Name of Assigned Judge Matthew F. Kennelly Sitting Judge if Other or Magistrate Judge than Assigned Judge
For the reasons stated below, the Court directs the Clerk to enter judgment denying defendant Shawn Ledcke's motion under 28 U.S.C. § 2255.
O[ For further details see text below.] Docketing to mail notices.
Shawn Ledcke pled guilty to a charge of conspiracy to deal firearms, most with obliterated serial numbers, to out of state residents and two counts of possessing firearms after having been convicted of a felony. The Court sentenced him to a ten year prison term. On July 23, 2007, the court of appeals affirmed Mr. Ledcke's sentence. Mr. Ledcke does not contend that he filed a petition for certiorari in the United States Supreme Court.
On or about February 24, 2011, Mr. Ledcke mailed to the Clerk of this District a document entitled "motion for leave to file an out-of-time 2255 petition due to extraordinary circumstances" and attached to it a proposed section 2255 motion and supporting memorandum. These documents bore the case number for Mr. Ledcke's criminal case. This Court directed the Clerk to docket the section 2255 motion and memorandum as a separate case filing. The Court has now reviewed Mr. Ledcke's motion and memorandum pursuant to Rule 4 of the Rules Governing Section 2255 Proceedings and has also reviewed Mr. Ledcke's motion for leave to file an out-of-time section 2255 motion.
Mr. Ledcke's motion includes three claims. His first claim is that his attorney rendered ineffective assistance by failing to seek a competency examination, failing to investigate and pursue possible defenses and mitigation, and failing to object to the term of supervised release that the Court imposed. Mr. Ledcke's second claim is that trial counsel failed to object to the Court's jurisdiction and failed to insist on a speedy trial. His third claim is that counsel failed to challenge the sufficiency of the indictment. The Court expresses no view regarding the merits of these claims.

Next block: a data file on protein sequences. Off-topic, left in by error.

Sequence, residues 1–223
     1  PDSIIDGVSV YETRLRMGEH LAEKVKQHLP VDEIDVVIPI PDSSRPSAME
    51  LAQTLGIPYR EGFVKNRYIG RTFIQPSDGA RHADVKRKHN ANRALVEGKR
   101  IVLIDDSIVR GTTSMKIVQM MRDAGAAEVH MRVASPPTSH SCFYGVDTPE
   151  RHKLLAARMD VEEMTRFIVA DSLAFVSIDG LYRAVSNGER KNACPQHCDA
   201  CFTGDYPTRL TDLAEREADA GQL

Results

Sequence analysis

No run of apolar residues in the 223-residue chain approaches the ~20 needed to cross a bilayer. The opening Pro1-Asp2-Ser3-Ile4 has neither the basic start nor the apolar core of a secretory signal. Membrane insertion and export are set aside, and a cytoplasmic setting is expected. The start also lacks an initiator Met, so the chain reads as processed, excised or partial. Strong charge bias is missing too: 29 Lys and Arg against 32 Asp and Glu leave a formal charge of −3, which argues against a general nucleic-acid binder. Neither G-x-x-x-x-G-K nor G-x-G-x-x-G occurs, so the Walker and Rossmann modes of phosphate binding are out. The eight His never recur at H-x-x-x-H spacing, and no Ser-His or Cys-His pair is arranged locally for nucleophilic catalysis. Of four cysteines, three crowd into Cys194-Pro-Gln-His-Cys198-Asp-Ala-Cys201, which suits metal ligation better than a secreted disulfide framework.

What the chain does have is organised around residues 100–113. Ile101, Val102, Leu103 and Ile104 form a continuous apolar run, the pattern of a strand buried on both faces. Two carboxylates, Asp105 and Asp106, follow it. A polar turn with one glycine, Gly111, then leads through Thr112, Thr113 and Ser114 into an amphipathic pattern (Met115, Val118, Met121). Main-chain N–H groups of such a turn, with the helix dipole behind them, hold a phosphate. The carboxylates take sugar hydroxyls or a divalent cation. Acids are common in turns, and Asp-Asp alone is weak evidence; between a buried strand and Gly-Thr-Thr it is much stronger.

A one-year limitation period applies to section 2255 motions. See 28 U.S.C. § 2255(f). This period runs from the latest of four dates. See id. § 2255(f)(1)-(4). The only one potentially applicable here is "the date on which the judgment of conviction [became] final," which in Mr. Ledcke's case was July 23, 2007. Mr. Ledcke did not file a petition for certiorari, so the judgment became final, and the one-year clock started to run, on the date a petition for certiorari would have been due, which was ninety days after the decision on appeal, October 21, 2007. See, e.g., United States v. Moore, 282 Fed. Appx. 453, 454-55 (7th Cir. 2008). That means the time for Mr. Ledcke to file a section 2255 motion expired on October 21, 2008, unless Mr. Ledcke can show a basis to toll or extend the period.
In his motion for leave to file out of time (which is still docketed under Mr. Ledcke's criminal case, Case No. 06 CR 58), Mr. Ledcke says that he mailed his section 2255 motion to the Clerk on July 30, 2009. He alleges that after he did not receive a response from the Clerk, he sent two letters of inquiry to the Clerk, to which he received no response. He says that he then obtained from the prison mail room, in late May 2010, confirmation that his motion had been sent to the Clerk in July 2010. Mr. Ledcke states that "[o]nly recently did . . . petitioner discovery that his 2255 was not received with the court due to transfering [sic] to another Bureau of Prisons facility." Mot. for Leave to File Out of Time Sec. 2255 Mot. at 2.
Even if the Court accepts as true everything Mr. Ledcke alleges, his motion is untimely. By the time Mr. Ledcke says he first mailed a section 2255 motion to the Clerk, the one-year limitation period had expired over nine months earlier. Though Mr. Ledcke asserts a basis for excusing any delay after July 2009, he asserts no basis for excusing the nine-month delay before that date or for a later start date for the limitation period.
For these reasons, the Court denies Mr. Ledcke's section 2255 motion. The Court declines to issue a certificate of appealability because no reasonable jurist could find that Mr. Ledcke's motion is timely. See 28 U.S.C. § 2253(c)(2). The Clerk is ...